The product contains 46.1% of solids and the monomer conversion is 95.6%. The latex viscosity is 200 cp.
Example 1 is repeated to obtain a product based on the following recipe:
______________________________________2 ethylhexylacrylate 30.5 lb.Ethyl acrylate 5.9Acrylonitrile 0.95Acrylic acid 0.76Water 40.2DOWFAX 2A-1 0.31DAXAD 11 0.19K.sub.2 S.sub.2 O.sub.8 0.09NaHSO.sub.3 0.011______________________________________
The product contains 46.6% solids and the monomer conversion is 96.7%. The latex viscosity is 132 cp.
A series of test runs is made to determine the effect of the concentration of DOWFAX 2A-1 on the adhesive composition. The procedure outlined in Example 1 is used, except that the concentrations of DOWFAX 2A-1 are varied and only DOWFAX 2A-1 is used in the emulsifier. The runs and results are summarized in Table 1.
Table 1______________________________________ RVT Brookfield Concentration of ViscosityRun No. DOWFAX 2A-1 (phm) % coagulum #3 at 10 (ps)______________________________________3-1 3 2.5 --3-2 2 >8 --3-3 1.5 2.5 --3-4 1.25.sup.a 1.5 24003-5 1sup.b 0.8 25503-6 1.0 100 . . . .______________________________________ .sup.a 1.0 phm added initially and 0.25 phm when 3/4 monomer have been added .sup.b 0.5 phm added initially, 0.15 at 1/2, 0.15 at 3/4 and 0.2 when all monomers have been added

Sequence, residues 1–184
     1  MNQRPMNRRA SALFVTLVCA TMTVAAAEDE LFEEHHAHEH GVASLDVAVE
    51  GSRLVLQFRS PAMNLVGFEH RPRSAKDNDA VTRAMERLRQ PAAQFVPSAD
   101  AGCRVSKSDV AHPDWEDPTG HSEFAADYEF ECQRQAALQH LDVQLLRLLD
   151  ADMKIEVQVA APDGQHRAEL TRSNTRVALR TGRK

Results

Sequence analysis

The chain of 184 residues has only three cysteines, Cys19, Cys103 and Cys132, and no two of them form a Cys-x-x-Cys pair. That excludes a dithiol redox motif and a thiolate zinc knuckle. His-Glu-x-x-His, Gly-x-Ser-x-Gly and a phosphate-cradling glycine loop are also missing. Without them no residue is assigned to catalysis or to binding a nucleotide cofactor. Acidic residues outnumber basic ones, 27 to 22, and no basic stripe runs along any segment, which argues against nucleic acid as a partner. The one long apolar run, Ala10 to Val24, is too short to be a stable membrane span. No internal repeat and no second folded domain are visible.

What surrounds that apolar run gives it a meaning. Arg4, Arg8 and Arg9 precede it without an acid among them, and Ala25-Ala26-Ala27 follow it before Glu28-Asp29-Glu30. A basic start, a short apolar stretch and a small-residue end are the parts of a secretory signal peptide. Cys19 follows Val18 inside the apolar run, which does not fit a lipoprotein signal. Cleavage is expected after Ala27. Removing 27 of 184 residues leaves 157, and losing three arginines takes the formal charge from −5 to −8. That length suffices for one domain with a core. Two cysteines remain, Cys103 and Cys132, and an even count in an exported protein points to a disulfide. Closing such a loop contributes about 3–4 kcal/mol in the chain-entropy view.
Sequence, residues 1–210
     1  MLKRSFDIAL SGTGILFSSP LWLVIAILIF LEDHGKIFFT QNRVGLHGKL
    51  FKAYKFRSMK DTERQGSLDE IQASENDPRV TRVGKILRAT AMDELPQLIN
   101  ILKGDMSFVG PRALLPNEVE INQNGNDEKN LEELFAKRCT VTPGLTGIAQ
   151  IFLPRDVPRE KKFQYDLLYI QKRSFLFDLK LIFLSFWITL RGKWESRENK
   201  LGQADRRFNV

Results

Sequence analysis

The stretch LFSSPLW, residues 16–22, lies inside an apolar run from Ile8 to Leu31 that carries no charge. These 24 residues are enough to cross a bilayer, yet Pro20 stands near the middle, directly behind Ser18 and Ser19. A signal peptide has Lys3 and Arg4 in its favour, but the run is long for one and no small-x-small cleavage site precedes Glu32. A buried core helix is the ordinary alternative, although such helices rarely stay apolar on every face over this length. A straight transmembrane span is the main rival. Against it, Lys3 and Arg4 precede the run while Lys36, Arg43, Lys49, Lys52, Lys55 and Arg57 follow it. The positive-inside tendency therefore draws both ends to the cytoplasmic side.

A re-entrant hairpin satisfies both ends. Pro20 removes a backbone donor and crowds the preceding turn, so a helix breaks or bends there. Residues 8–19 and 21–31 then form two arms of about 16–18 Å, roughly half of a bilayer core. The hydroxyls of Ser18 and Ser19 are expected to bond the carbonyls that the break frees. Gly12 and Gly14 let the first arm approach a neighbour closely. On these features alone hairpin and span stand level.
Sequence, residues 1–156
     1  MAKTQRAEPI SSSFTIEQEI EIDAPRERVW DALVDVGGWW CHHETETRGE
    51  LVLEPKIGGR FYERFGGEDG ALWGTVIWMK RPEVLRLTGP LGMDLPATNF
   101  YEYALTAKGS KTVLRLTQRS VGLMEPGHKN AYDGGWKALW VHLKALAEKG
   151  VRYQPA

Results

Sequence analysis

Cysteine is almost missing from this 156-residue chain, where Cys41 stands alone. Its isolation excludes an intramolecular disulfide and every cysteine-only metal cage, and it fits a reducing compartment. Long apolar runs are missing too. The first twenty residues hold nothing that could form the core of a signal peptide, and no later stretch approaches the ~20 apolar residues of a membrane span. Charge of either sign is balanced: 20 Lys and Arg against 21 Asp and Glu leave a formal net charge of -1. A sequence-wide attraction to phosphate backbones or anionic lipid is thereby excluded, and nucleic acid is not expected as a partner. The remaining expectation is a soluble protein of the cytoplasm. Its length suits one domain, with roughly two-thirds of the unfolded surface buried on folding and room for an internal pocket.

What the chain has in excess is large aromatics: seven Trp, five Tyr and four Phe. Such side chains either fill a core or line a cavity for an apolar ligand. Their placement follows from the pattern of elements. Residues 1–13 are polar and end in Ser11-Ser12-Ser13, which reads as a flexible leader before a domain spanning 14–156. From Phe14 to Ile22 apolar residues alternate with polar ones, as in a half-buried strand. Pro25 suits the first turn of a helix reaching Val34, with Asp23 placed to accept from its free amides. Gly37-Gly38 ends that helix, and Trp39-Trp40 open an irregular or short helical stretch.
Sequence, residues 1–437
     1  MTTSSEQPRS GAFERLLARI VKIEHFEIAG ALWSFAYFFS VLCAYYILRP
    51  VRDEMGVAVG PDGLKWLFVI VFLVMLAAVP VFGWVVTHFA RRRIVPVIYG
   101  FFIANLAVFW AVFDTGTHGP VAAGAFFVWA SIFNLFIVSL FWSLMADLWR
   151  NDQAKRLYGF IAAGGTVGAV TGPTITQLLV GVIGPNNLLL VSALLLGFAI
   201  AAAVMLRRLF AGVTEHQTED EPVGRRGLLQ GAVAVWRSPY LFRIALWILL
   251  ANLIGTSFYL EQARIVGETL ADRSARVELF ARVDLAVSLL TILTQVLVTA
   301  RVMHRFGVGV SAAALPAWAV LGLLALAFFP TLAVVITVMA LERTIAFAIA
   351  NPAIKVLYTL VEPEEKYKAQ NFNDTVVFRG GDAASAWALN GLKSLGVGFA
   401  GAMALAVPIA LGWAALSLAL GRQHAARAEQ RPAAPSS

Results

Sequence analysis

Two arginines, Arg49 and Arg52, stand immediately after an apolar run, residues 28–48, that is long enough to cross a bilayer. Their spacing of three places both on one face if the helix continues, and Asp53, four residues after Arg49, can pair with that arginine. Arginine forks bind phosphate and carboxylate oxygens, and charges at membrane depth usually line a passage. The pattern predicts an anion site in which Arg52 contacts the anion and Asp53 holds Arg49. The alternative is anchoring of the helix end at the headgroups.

As can be observed in Table 1, the concentration of DOWFAX 2A-1 is important with respect to latex stability, i.e. pre-floc or coagulum formation.
The results obtained in Runs 3-1 to 3-5 show that by using DOWFAX 2A-1 alone in the polymerization, pre-floc or coagulum is present in the final product.
A series of test runs is made to determine the effect of DAXAD 11 on the adhesive product. The procedure outlined in Example 1 is repeated, with the exception that no DOWFAX 2A-1 is used and various amounts of DAXAD 11 are employed. The results are summarized in Table II.
Table II______________________________________Run No. DAXAD 11, phm % coagulum % conversion______________________________________4-1 0.5 21 --4-2 1.0 32 --4-3 2.5 32 --4-4 5.0 4 684-5 10.0 nil 634.6 20.0 -- nil______________________________________
The results shown in Table II indicate that when DAXAD 11 alone is used as the emulsifying agent, either high coagulum levels or low conversion is obtained. The concentration of DAXAD 11 must be kept high in order to maintain a low concentration of coagulum in the product. Also, Table II shows that the higher the concentration of DAXAD 11, the lower is the conversion of monomers.
A monomer mixture comprising